and rejuvenate the earth with the waste. By disposing of your Sun Chips bag in an active compost pile, all traces that the package ever existed will be gone in 14 weeks. It took the Frito-Lay Sun Chips team four years to find a plant-based polymer that met their packaging quality standards. The end result is using a polymer called PLA (polylactic acid or polylactide), which is derived from plants such as cornstarch or sugarcanes (renewable resources) versus petroleum (non-renewable resource). This marks a positive shift in sourcing sustainable corporate packaging decisions, driven by consumer demand.

Naked Coca-Cola Can What does 21 months, multiplied by 2 teams and divided by 2000 ideas equal? It equals one superb concept that’s setting precedence for corporate sustainable packaging initiatives. This intelligent outside-of-the-box design is composed of a single sheet of folded cardboard, coupled with a reusable and recyclable PET bag. Switching from Puma’s red box to their red bag reduces cardboard use by 65 percent and saves 8500 tons of paper each year, diverting millions of tons of waste from landfills. This shift also accounts for one million litres of fuel and oil saved each year, as well as decreased carbon dioxide outputs (by 10,000 tons each year). All of these savings help Puma lower their ecological “paw print.” Check out the clever little video on YouTube.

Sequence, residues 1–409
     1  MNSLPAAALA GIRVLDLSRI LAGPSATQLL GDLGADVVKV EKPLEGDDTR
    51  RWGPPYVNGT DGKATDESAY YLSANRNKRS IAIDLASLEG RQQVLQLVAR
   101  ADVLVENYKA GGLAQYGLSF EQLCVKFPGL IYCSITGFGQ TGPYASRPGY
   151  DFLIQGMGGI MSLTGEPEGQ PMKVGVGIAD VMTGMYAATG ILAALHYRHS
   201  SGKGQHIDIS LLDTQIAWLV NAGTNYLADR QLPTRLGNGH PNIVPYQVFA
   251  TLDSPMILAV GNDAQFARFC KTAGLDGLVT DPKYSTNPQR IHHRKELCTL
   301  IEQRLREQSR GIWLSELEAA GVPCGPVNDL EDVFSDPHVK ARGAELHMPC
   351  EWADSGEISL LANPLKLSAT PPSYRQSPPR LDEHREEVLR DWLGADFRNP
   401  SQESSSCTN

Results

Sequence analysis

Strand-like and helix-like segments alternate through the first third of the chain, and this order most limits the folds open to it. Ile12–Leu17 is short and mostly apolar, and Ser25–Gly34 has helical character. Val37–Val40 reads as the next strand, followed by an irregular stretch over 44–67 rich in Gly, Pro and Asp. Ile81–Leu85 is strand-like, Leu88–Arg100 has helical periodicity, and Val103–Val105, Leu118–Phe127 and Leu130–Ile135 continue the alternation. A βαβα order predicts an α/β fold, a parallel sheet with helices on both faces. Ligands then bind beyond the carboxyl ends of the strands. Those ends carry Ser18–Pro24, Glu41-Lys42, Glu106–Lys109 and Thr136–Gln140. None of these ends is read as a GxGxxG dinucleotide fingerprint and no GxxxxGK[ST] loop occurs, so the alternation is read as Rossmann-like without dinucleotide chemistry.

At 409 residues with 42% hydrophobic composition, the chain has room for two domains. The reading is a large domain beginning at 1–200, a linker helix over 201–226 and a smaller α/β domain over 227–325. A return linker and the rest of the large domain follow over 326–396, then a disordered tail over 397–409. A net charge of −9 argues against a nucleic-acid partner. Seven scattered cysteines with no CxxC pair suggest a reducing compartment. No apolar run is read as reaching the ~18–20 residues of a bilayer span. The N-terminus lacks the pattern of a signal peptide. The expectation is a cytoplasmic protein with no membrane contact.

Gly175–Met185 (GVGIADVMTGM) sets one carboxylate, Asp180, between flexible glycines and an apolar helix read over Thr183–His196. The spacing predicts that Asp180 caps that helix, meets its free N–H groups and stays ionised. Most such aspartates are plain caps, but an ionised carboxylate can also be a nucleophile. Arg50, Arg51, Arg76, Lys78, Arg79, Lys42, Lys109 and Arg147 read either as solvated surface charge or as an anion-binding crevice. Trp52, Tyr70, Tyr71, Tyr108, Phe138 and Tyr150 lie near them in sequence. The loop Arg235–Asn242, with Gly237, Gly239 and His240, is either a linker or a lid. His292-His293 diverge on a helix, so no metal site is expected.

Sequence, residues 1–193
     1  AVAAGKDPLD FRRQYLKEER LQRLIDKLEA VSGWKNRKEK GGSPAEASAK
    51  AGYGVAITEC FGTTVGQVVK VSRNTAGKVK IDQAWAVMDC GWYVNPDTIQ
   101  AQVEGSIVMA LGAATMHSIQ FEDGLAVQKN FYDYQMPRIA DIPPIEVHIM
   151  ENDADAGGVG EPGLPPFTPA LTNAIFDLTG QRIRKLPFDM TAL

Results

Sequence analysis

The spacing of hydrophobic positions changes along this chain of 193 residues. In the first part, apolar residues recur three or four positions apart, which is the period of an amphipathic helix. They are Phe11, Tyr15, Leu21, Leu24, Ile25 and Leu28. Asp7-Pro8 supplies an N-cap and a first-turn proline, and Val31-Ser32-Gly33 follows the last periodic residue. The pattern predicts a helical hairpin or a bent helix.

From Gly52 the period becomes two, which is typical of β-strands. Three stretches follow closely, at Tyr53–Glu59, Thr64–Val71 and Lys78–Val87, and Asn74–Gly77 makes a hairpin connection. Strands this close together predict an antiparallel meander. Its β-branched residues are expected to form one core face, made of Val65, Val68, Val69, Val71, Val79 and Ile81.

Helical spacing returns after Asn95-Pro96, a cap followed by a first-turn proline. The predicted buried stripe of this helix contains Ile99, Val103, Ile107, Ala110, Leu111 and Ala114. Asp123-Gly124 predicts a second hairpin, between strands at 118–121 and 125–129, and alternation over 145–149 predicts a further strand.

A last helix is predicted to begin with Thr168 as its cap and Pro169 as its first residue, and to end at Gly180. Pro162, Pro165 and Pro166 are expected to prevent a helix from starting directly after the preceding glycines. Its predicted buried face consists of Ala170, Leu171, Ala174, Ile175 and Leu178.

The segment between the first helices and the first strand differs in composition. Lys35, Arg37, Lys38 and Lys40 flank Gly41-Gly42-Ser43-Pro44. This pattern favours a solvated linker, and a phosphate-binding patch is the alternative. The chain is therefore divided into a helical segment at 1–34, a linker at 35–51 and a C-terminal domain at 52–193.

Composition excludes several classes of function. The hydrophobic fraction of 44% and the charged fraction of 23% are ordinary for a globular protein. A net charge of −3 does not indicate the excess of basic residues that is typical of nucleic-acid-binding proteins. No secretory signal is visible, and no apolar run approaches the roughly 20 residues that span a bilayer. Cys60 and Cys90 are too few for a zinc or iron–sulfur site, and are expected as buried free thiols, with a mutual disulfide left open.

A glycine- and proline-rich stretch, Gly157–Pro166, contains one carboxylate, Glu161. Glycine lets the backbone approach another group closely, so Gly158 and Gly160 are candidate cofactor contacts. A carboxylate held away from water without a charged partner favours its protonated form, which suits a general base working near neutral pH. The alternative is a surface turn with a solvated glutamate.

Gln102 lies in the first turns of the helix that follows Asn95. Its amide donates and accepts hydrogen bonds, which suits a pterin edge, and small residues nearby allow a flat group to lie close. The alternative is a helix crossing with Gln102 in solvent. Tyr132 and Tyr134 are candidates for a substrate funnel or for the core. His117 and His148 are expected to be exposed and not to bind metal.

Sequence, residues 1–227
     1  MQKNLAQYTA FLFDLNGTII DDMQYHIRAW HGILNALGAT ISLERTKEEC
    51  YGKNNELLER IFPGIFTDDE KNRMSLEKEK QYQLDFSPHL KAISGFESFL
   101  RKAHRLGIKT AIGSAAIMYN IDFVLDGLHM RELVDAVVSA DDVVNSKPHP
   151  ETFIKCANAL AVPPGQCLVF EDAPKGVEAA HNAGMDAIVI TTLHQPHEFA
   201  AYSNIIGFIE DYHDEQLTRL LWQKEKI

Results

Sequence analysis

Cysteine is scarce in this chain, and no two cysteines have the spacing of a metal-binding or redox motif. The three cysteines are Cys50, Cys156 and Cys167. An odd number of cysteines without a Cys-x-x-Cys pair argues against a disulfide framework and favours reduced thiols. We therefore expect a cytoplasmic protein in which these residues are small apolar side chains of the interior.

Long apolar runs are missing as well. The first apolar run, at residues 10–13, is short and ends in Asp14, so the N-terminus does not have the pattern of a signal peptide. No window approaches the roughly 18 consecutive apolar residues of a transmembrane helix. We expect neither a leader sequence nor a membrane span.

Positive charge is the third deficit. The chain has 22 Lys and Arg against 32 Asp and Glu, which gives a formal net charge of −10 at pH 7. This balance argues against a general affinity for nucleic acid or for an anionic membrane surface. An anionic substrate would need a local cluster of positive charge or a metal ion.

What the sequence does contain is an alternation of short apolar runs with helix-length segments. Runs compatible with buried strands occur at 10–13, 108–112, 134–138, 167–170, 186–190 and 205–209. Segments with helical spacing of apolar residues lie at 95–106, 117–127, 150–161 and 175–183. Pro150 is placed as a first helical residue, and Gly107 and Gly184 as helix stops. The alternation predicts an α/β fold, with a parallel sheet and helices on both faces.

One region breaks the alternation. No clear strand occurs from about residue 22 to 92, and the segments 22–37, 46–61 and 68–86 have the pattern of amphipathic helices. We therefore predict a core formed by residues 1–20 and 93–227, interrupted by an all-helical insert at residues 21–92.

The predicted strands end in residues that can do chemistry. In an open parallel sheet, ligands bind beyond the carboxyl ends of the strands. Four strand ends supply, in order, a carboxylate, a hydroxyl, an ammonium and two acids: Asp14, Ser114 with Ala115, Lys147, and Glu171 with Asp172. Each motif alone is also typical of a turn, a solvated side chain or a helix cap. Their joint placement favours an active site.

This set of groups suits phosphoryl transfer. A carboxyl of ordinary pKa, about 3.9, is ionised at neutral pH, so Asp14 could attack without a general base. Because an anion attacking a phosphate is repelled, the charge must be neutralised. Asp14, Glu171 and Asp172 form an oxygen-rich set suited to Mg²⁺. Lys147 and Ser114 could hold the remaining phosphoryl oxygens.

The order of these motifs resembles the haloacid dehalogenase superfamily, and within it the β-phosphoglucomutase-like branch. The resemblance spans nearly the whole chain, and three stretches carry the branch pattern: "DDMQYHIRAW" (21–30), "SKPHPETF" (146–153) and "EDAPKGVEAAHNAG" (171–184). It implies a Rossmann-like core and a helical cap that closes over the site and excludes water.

This design by Harc Lee is created without any paint or dyes and is therefore more eco-sensitive than today’s Coca-Cola cans. This design eliminates the need for toxic paints during manufacturing and comes full circle by not requiring additional processing (paint stripping) when recycled. It is to be noted that this is only a concept and not available on the market; however, I believe that this sleek, eco-sensitive design is a perfect model for Coca-Cola’s packaging future.

Sun Chips 100 percent compostable bag What a superb idea! Take a package that is often difficult to reduce, reuse or recycle and establish a completely new environmental plan to revive, restore

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INC INC.

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WEBS WE DO LASER SHEETS • 8-COLOUR 14”X 17” WITH INLINE PERF: ROLL TO SHEET • TWO 6-COLOUR 20.5”x 22” PERF: ROLL TO SHEET, FAN FOLD, AND ROLL

SHEET-FED • NEW! 5-COLOUR (28”X 40”) KOMORI WITH AQ • 5-COLOUR KOMORI 20”X 26” • WE PRINT CLING VINYL AND STYRENE CLINGS We’re FSC Certified

• SPEEDY PRINT: TWO A.B. DICK 2-COLOUR 9810 S • XEROX 700 DIGITAL PRESS

ENVELOPES

- Heidelberg PM46, Numbering perf & score 6 million imp - 2007 Heidelberg PM46, Semi-Auto, Plate Changers 3 million - PressTek 52DI 36,000 impressions, Momentun Rip, PM Screening Module, PDS-E density scanning and softwear - Ryobi 3304X-DI, PressTek profire heads, 22 million imp - Komori Spica 29P - 4 color with perfector, 10 million imp - 2003 Esko Graphics CTP, dual magazines & punch - Baum 2020, 4/4/4 pile feed, new rollers - MBO B21, 4/4 Pile feed like new - Polar 76EM air bed computerized - Challenge 305 with late model Microcut - GTO52Z-N Royse only 11 million impressions - Baum 15 15x20 folder with right angle - Interlake S3A ¾ heavy duty flat/saddle stitcher - Bostitch #2 flat/saddle stitcher - Graphic Whizard GW3000 number/perf/score unit.